"This fine first novel is tension-filled and swiftly paced." Barbara Love, Library Journal

Review:

"A Blade of Grass never falters. It is quite simply a master work by a mature and powerful new voice." Ottawa Citizen

Synopsis:

A bitter struggle over a small farm in South Africa has dramatic consequencesfor two women — one white and one black.

About the Author

Lewis DeSoto was born in Bloemfontein, South Africa, to a family that arrived from Europe in the eighteenth century. His writing has been published in numerous journals, and he was awarded the Books in Canada/Writers' Union Short Prose Award. A past editor of Literary Review of Canada, Lewis DeSoto lives with his wife in Normandy and Toronto.

Product Details

ISBN:
9780060554262
Subtitle:
A Novel
Author:
Desoto, Lewis
Publisher:
Ecco
Location:
New York
Subject:
General
Subject:
Literary
Subject:
Farm life
Subject:
Race relations
Subject:
South Africa
Subject:
Suspense fiction
Subject:
Women farmers
Subject:
White women
Subject:
General Fiction
Edition Number:
1st ed.
Edition Description:
Hardcover
Series Volume:
no. 115
Publication Date:
20030916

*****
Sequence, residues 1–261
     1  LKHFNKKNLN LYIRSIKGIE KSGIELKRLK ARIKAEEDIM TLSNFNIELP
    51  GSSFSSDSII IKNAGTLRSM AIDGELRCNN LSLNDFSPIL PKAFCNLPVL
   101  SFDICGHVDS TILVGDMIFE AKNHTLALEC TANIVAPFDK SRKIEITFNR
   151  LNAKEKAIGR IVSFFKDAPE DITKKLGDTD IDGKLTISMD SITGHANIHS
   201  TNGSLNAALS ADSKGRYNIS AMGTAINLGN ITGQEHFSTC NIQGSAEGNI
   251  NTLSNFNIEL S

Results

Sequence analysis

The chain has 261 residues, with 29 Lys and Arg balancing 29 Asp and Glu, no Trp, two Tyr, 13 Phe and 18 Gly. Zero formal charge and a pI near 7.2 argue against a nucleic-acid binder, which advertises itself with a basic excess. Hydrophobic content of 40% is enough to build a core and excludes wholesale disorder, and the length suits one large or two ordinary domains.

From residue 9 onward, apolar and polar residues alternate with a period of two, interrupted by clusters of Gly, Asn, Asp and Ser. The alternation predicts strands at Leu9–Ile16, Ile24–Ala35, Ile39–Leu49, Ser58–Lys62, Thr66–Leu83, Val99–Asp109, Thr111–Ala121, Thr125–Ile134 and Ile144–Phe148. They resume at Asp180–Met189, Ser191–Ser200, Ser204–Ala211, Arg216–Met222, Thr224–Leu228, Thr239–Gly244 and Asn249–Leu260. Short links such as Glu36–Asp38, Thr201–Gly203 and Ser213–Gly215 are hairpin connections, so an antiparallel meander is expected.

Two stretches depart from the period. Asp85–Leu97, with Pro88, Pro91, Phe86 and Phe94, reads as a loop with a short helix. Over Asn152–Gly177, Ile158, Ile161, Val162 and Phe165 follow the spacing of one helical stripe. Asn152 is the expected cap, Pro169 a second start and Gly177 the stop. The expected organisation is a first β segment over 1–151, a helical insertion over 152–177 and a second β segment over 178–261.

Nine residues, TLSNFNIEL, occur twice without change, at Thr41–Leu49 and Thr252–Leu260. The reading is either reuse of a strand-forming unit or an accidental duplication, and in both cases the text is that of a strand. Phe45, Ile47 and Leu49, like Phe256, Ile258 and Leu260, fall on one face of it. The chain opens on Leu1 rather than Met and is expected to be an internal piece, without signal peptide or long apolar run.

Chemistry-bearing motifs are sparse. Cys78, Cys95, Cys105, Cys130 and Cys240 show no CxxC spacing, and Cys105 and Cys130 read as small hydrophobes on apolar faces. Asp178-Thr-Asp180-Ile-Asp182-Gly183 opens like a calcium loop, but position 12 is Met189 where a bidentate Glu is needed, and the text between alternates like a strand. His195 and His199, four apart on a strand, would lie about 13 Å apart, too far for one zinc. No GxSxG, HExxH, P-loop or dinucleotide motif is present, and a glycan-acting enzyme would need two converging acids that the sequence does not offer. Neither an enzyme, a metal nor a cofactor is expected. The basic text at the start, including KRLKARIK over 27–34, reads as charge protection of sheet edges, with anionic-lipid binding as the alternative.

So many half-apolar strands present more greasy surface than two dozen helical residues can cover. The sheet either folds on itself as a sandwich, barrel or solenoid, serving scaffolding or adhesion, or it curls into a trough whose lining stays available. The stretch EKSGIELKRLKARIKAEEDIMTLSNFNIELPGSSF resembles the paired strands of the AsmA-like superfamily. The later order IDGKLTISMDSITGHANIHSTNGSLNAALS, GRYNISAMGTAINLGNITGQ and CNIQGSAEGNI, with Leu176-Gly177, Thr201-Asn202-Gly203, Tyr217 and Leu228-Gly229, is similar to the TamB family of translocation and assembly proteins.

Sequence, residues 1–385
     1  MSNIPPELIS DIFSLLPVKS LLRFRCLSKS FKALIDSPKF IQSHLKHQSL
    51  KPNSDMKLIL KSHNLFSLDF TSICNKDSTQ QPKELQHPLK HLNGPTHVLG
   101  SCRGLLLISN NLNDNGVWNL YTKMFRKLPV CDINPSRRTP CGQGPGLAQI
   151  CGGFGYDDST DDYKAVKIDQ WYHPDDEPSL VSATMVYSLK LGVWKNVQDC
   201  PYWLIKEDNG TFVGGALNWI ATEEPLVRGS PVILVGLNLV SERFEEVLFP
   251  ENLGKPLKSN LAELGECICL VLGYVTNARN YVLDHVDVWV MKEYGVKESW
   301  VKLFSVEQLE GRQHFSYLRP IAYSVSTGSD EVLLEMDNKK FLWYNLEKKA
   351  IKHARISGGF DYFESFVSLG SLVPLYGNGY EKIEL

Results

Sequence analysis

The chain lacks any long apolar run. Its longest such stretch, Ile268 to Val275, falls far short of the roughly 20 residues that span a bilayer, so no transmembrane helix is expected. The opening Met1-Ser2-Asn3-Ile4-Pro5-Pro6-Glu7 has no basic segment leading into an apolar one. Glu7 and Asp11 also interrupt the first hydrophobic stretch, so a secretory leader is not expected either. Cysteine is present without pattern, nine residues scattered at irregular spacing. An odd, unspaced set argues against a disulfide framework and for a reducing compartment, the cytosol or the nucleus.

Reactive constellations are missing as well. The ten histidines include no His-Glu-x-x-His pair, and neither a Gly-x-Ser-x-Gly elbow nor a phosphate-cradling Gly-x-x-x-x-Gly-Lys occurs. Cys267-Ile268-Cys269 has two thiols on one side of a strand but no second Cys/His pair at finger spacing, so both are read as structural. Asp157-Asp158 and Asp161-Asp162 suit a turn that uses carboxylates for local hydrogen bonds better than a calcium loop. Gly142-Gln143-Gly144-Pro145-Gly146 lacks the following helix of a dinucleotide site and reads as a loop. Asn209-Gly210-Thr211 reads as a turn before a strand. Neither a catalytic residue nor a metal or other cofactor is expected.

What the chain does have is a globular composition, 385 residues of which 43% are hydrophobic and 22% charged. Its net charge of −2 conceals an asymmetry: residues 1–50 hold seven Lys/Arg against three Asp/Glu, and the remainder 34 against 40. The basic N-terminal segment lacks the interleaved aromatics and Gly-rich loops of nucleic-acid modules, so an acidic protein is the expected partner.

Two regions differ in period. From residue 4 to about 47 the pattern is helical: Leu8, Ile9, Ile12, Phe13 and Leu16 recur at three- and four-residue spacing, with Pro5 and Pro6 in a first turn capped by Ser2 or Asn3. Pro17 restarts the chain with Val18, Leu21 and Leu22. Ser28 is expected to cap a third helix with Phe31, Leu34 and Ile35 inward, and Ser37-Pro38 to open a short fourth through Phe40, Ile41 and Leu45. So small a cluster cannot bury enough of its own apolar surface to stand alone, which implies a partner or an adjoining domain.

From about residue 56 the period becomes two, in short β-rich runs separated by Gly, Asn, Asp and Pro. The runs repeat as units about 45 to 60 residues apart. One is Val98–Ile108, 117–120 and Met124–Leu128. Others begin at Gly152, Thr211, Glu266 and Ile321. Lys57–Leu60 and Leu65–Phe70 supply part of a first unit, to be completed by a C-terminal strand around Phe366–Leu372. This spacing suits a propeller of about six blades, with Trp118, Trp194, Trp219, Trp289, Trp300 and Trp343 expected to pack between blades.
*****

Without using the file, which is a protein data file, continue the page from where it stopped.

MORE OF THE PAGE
Binding:
Hardback
Language:
English
Pages:
400
Dimensions:
9.26x6.50x1.37 in. 1.65 lbs.

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Related Subjects

Fiction and Poetry » Literature » A to Z

A Blade of Grass Used Hardcover
0 stars - 0 reviews
$9.95 In Stock
Product details 400 pages Ecco - English 9780060554262 Reviews:
"Review" by , "Lewis DeSoto has written a splendid first novel that illuminates quintessential issues of the 20th century which promise to shape the 21st — race and the lingering aftermath of colonialism. Moreover, A Blade of Grass is a downright compelling read. DeSoto is a welcome and dynamic new voice on the literary scene."
"Review" by , "DeSoto writes evocatively about the land. His characters, no matter how portentous, inhabit a wild and natural country that seems both authentic and tragic."
"Review" by , "A significant work of post-colonial literature and a gripping read. I'm sure we'll be hearing more about it soon, on award-nominations lists....a wonderous thing indeed."
"Review" by , "DeSoto is both an award-winning writer (for his essays and stories) and an accomplished painter (he has shown his work in galleries across the country). Both talents are evident in this bleak, vivid first novel."
"Review" by , "If Lewis DeSoto's debut novel, A Blade of Grass, suggests anything beyond the pleasure of its own success, it's that South Africa seems to be doing a little better than we are with respect to fiction that forces readers to face up to the great toll of internal national conflicts.... Marit's life is something readers will remember."
"Review" by , "DeSoto writes lyrically about the African countryside, and he delicately reveals the nuances of interracial sexual attraction."
"Review" by , "This fine first novel is tension-filled and swiftly paced."
"Review" by , "A Blade of Grass never falters. It is quite simply a master work by a mature and powerful new voice."
"Synopsis" by , A bitter struggle over a small farm in South Africa has dramatic consequencesfor two women — one white and one black.